• Always Use Payroll ChecksChecks maintain a clear trail from your business account to your kid’s checking or savings account. There’s no question left about the amount paid or whether it was paid by the business. When you hire your child, the money you pay is theirs, and you must be able to show that the pay went to a separate account, not one of your own. Also, be sure to check the payment if you use a payroll service; they may mistakenly take out Medicare and FICA, which is unnecessary for a minor.
  • Fill Out Payroll Forms (Both State and Federal)These are the documents you have to fill out to set up your child as an official employee of your business and properly prove the child’s earnings and any taxes due. The federal forms include IRS Form W-4, IRS Form W-2, IRS Form 941, and IRS Form 940. Even though your minor is exempt from withholding for FICA, Medicare, and unemployment taxes, you’ll still need to turn in those forms. You can find all the forms at the IRS Forms and Instructions page.

Now that you’ve learned all the advantages of hiring your child as an employee for your proprietorship or partnership, it’s time to teach your child the value of money. You’re giving your kid a wonderful opportunity to begin investing early. As mentioned above, your kid can even save up for college with an IRA, which stretches the tax savings even further.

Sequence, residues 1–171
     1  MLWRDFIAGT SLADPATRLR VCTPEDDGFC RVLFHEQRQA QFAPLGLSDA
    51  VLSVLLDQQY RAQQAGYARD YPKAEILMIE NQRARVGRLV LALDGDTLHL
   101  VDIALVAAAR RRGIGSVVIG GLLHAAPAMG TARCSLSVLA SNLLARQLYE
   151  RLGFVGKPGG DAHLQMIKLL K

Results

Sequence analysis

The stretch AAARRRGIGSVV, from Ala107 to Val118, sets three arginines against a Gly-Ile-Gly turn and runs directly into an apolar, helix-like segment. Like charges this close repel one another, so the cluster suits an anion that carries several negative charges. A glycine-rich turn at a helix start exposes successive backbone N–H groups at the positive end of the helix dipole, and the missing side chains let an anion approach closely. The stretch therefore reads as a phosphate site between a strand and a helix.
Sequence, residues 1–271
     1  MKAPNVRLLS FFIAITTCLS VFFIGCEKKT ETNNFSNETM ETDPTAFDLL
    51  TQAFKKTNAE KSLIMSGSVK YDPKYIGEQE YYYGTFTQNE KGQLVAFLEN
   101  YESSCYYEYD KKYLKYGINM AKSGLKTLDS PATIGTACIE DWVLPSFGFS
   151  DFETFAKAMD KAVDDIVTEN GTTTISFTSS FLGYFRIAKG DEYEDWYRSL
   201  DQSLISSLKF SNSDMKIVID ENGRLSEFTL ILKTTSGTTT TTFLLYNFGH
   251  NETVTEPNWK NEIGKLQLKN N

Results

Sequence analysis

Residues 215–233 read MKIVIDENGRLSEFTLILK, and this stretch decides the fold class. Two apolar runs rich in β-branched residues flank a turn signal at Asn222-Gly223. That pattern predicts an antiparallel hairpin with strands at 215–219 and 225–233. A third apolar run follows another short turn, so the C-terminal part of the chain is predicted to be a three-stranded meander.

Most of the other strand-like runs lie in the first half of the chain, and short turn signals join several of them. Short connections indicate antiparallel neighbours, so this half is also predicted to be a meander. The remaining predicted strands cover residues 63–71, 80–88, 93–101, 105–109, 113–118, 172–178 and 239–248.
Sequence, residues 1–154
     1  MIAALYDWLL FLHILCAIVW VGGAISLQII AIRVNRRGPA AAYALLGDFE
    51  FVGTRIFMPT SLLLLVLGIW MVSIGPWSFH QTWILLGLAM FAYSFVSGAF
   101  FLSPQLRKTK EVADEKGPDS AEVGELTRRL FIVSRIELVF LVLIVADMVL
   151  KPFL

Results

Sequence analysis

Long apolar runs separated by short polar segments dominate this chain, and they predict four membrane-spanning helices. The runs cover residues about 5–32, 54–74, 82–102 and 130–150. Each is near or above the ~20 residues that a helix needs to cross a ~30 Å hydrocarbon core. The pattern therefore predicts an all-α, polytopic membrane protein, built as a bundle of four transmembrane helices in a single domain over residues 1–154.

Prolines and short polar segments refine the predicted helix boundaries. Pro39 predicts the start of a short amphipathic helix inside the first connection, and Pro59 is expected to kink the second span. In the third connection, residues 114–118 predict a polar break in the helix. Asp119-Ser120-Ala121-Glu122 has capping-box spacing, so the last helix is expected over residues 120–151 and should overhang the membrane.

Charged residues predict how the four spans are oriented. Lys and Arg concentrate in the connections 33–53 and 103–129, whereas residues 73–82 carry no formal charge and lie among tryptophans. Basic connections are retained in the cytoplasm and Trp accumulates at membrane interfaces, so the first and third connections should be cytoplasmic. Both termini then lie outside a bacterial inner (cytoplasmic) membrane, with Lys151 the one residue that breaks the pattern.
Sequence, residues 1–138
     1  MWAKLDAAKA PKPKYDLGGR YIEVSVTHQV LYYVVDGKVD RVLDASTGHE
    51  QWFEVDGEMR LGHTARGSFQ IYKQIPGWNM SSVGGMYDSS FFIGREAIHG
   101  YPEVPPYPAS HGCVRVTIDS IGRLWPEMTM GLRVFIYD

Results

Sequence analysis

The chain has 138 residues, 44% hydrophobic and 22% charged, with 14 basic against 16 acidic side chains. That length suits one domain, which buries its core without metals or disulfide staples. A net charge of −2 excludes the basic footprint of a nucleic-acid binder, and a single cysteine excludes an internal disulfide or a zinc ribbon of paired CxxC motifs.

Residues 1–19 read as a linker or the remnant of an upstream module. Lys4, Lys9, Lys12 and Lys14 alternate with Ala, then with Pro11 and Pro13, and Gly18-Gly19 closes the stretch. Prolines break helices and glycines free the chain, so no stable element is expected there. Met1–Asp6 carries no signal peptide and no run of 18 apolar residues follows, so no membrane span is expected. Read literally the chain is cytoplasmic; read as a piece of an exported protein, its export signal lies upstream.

1. IRC Section 3121(b)(3)(A); Reg. Section 31.3121(b)(3)-1.
  2. IRC Section 3306(c)(5).
  3. IRC Section 1(g).
  4. Eller v Commr., 77 TC 934; Acq. 1984-2 CB 1.
  5. AOD 1985-004.
  6. Gerald W. Jordan v Commr., T.C. Memo. 1991-50.
  7. Denman v Commr., 48 T.C. 439, 450 (196).
  8. Rev. Rul. 73-393.
  11. Vernon E. Martens v Commr., No. 90-3104, May 91 (4th Cir.).

The Relationship between Your Salary and Your Taxes

It’s no secret that the more money you earn from your S corporation, the higher your tax bracket. But, have you actually run the numbers to see what damage—if any—your current salary is actually doing? If not, it’s time you did. As a business owner, you can’t leave financial matters to chance.

A big, fat salary may look nice, but it could actually be losing you money. By capping your own income at the proper amount, you can save yourself thousands of dollars in taxes. The old adage, “A penny saved, a penny earned” certainly applies when it comes to dealing with tax brackets.